Bird sets cat amongst the pigeons

Published 19 August 2016 (AEDT)

RIO DE JANEIRO, BRAZIL - AUGUST 19: Stephen Bird of Australia competes in the Men's Kayak Single 200m on Day 14 of the Rio 2016 Olympic Games at the Lagoa Stadium on August 19, 2016 in Rio de Janeiro, Brazil. © 2016 Getty Images

SPRINT CANOE: Stephen Bird flew into the decider of the men’s K1 200m with a second place in the semi-finals to reach the first individual A-Final of his career.

Australia, looking to defend its title in the men’s K4 1000m, also had a thrilling semi-final win to secure a berth in tomorrow’s A-Final, while the C2 1000m duo of Martin Marinov and Ferenc Szekszardi finished fifth in their semi-final, progressing to the B-Final.

Men’s K1 200m
Following a personal best time of 34.65 secs in his heat earlier in the morning, Stephen Bird required a top four finish in his semi-final to progress to the A-Final.

Competing at his second Olympic Games, Bird flew out the start with a flurry of clean strokes to compete for the early lead.

Bird held his form throughout the race, setting another personal best of 34.58 to cross the line in second place and qualify for the Olympic Final.

“This does wonders for my personal belief, coming from the underdog position," Bird said. "I’ll sleep excited tonight. Last night it was a nervous sleep, tonight it will definitely be an excited sleep.”

Bird, who is coached in Rio by his London 2012 K2 partner, Jesse Phillips, said he felt good ahead of his race in rough conditions on the Lagoa.

“I felt super calm on the start line and I managed to get some good strokes in on some very bumpy water from the start. But gee, I’ve exceeded my expectations already,” said Bird.

“My first goal here was to get out of the heat to be honest. I looked at the heat line up and I thought ‘Jeepers, you’re going to have to have your best race ever to get out of this heat, considering the pedigree’, but this goes to show there’s a lot happening at the Olympics.

Bird will aim to take home Australia’s first ever medal in the K1 200m tomorrow when he races at 9.07am Local Time (22.07 AEST). He will take on paddlers from Canada, Italy, Germany, France, Great Britain, Spain and Latvia.

Men’s C2 1000m
Martin Martinov and Ferenc Szekszardi bowed out of A-Final contention in very rough conditions that made canoe racing challenging on the Lagoa course.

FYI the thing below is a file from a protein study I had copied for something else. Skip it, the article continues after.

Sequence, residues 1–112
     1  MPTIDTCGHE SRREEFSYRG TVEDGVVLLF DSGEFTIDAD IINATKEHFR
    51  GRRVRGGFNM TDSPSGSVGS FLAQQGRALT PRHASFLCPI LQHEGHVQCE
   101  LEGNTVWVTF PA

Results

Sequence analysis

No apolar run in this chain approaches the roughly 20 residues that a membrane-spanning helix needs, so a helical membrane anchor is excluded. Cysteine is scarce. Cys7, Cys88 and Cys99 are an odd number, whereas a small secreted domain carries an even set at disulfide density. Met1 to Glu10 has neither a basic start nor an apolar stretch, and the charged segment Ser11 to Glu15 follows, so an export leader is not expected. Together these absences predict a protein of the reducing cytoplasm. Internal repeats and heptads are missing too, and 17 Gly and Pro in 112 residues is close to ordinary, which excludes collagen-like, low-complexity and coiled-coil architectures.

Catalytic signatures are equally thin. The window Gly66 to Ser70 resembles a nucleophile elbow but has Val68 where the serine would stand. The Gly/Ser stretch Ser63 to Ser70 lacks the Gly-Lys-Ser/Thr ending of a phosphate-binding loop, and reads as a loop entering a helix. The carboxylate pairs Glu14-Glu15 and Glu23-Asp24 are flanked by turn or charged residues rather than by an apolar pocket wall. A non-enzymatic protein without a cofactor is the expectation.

The veteran canoeists took on crews from Poland, Russia, Cuba and Uzbekistan in their semi-final after finishing 5th in their heat. The semi-final was led from start to finish by Cuba, with the Australians finishing in fifth place.

Szekszardi said he was thrilled to put on the green and gold for Australia this week and will give his all in the B-Final.

“I still feel like I’m living the dream, that doesn’t leave me for a moment. It was an amazing experience to line up at the 1000m mark in a boat again, at the Olympic Games, and I’m looking forward to racing tomorrow,” said Szekszardi.

Men’s K4 1000m
Australia are the defending Olympic champions in the event but the crew has a new feel to it with Jacob Clear the only remaining athlete from 2012. The 2016 crew has Clear joined by three-time Olympian Ken Wallace and Olympic debutants Riley Fitzsimmons and Jordan Wood.

Early in the morning the Australians finished in third place behind the powerful Germans and Slovakia, which placed them into the semi-final.

Needing a top three finish, the Australians started well and were in the lead at the 250m mark, but had been passed by Portugal at the halfway point.

The Australians showed their calibre in the final quarter of the race to close the gap on Portugal to win the semi-final in a photo finish.

“We expected to have a tough heat with Germany and Slovakia in there and we also expected to race the semi-final, which I think has worked out well for us, as it gave Jordan, Riley and Jacob an extra hit out,” said Wallace.

“Conditions in the semi-final meant our race plan went out the window, so we had to hack our way down the course, as it was so windy and bumpy. It’s like a washing machine out there. I’d prefer flat conditions obviously but as long as the conditions are fair, I don’t care what it’s like out there.”

Clear admitted it had been a long four-year wait to defend his Olympic title.

“I’m excited more so now we’ve been able to race after Riley [Fitzsimmons] and I have had to sit on the bank for the earlier part of the week and watch everyone else race,” Clear said.

“I’m happy with today and am really looking forward to tomorrow. It’ s a big pressure race, the semi-final, as everyone puts everything in it to make the final. It’s great that we held it together so well in that semi-final, it’s good signs for tomorrow.”

Australia will race the A-Final of the men’s K4 1000m at 10.12am local time (23.12 AEST) from lane 3.

Lucy Benjamin
olympics.com.au

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